Traders in commodity markets have benefitted from the opacity in price information from time immemorial. The transparency of prices on screen-based trading has not benefitted physical small-time traders and commission agents (aratiyas) and rather the most vociferous op¬ponents are these interest groups. The indirect benefits of price transparency have percolated to the farmer community compressing the margin of these small-time traders. I recall, in a very comical incident, when the government was contemplating the ban on sugar con¬tracts, one of these small-time traders was on a live show he was giving price execution orders on futures contracts contrary to the stance taken on the TV show. Sheepishly he told me ‘desh ke sath sath, apna be khayal rakhna parta hai” (along with interest of the nation, I have to take care of myself) Politicians have also benefitted by misrepresenting the reasons for the price rise and blam¬ing the futures market for it. Incidentally, wheat futures were banned at a time when the government had decided to import wheat and there was a price spiral due to low perceived production. Even more surprising was the timing of the lifting of the ban on wheat. No logic. no reason.

Does that mean that one "discovers price" only when the agricultural commodity prices are going down? Unfortunately, the regulatory mechanism, has often buckled under political pressures.

The regulators have often tried to control the market rather than trying to create a robust operating and governance mechanism for market growth. The focus should have been first to find out whether there is adequate representative participation from physical players rather than questioning the exchanges why prices have gone up or down and embarking on controlling prices through open interest and margin controls regimes. Secondly, to do a nationwide cam¬paign to create an environment for broadbased participation rather than organising 'aware¬ness programmes' in pockets.

While futures exchanges in India have seen a fantastic volumetric growth in monetary terms, the commodity futures sector lacks a clear policy roadmap. The lack of consistent policy, sudden ban on contracts, lack of active participation by commodity user groups and lack of legislative teeth for the regulator will make it a cesspool of financial market gamblers and keep the serious organised players away from this market. This is a point in case for not only for agricultural commodities but also for non-ferrous metals and energy contracts that are widely traded on commodity exchanges in India.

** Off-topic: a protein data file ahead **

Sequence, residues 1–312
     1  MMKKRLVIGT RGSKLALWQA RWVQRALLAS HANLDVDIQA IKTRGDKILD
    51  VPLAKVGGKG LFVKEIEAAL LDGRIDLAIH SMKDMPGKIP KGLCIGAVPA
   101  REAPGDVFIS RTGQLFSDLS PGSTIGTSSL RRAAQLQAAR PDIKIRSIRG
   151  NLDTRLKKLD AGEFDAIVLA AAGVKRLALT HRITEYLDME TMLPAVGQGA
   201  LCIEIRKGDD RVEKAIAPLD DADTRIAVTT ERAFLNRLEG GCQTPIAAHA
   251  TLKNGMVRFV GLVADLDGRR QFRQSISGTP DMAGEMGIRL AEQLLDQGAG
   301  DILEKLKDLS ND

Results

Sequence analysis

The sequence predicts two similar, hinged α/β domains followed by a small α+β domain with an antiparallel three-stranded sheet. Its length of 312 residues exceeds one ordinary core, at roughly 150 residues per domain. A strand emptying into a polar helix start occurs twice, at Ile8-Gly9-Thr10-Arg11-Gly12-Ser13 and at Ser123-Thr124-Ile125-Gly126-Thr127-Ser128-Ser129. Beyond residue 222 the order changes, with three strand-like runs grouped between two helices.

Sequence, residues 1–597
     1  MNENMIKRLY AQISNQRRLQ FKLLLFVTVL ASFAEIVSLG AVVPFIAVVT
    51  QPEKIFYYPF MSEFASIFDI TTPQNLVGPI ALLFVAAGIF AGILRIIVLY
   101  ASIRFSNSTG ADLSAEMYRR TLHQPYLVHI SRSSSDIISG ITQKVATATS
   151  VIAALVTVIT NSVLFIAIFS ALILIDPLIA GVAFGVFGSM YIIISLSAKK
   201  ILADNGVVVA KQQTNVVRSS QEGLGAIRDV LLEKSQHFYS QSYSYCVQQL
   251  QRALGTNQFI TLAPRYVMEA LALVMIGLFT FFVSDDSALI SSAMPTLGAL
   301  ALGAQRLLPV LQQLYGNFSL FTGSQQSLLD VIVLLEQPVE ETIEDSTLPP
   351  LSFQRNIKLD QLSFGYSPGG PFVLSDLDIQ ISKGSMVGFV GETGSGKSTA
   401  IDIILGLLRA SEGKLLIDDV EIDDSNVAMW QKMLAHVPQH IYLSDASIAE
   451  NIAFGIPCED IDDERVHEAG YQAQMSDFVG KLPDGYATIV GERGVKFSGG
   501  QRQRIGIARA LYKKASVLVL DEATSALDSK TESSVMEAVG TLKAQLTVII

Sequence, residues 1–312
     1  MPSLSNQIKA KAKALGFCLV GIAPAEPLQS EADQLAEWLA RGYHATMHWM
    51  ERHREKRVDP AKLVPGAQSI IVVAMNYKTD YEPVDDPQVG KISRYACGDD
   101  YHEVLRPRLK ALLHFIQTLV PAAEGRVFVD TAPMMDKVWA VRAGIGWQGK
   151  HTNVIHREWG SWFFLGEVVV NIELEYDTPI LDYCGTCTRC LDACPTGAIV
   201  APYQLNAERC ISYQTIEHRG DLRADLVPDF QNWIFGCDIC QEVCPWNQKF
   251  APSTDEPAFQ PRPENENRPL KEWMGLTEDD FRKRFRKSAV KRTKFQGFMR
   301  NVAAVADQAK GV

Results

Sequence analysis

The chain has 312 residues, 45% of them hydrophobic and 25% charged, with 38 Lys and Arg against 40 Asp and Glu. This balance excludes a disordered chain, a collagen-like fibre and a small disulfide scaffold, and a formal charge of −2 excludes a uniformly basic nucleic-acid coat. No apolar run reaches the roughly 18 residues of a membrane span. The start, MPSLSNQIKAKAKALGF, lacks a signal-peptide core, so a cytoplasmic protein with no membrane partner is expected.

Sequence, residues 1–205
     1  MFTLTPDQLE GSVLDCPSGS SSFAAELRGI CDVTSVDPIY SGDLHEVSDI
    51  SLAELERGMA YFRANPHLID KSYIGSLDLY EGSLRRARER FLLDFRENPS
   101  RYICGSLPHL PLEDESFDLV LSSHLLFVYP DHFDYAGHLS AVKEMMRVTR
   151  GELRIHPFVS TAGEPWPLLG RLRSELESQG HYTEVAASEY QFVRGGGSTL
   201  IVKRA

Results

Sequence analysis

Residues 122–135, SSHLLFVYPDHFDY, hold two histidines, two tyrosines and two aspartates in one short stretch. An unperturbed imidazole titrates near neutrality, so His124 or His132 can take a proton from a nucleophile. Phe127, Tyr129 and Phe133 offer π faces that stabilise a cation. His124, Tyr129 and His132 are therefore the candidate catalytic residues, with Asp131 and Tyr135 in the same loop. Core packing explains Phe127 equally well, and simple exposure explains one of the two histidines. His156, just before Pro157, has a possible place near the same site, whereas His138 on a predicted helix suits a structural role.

(Source: Economic Times ; Mumbai , July 12, 2010)

NCMSL ties up with Yes Bank to provide collateral management & warehousing services

National Collateral Management Services Limited (NCMSL) has tied up with Yes Bank to provide collateral management and warehousing services. NCML has been a pioneer in providing collateral management services to banks. These services have assisted industries, traders and farmers in financing their capital requirements at all stages of the supply chain, ranging from pre-harvesting to the marketing and export stages. NCML also offers premium services for working capital financing in commodity-based industries, especially agro-based industries.

Sanjay Kaul, MD & CEO of NCML and Rana Kapoor, MD and CEO of Yes Bank signed the MoU. In providing collateral management services, NCML works in partnership with 16 leading banks and in more than 200 locations across the country.

Elaborating on this tie-up, NCML’s MD & CEO, Sanjay Kaul said,”We hope that this arrangement will result in substantial new business across India. This new arrangement with Yes Bank will provide an opportunity to field functionaries to extend finance against warehouse receipts. Our warehouses spread across the country issue credible and reliable warehouse receipts.”

Commenting on the tie-up, Rana Kapoor, MD and CEO of Yes Bank said that this tie-up arrangement will focus on the producers at the start of the supply chain. ”The farmers will benefit from this scheme as it will provide them with post-harvest credit facilities so that they do not have to resort to distress selling of their produce.”

NCML is a national level institution, promoted by IFFCO, Canara Bank, Corporation Bank, Punjab National Bank, HDFC Bank, Karur Vysya Bank, YES Bank, NCDEX and HAFED, to provide risk management solutions in the areas of commodity and inventories.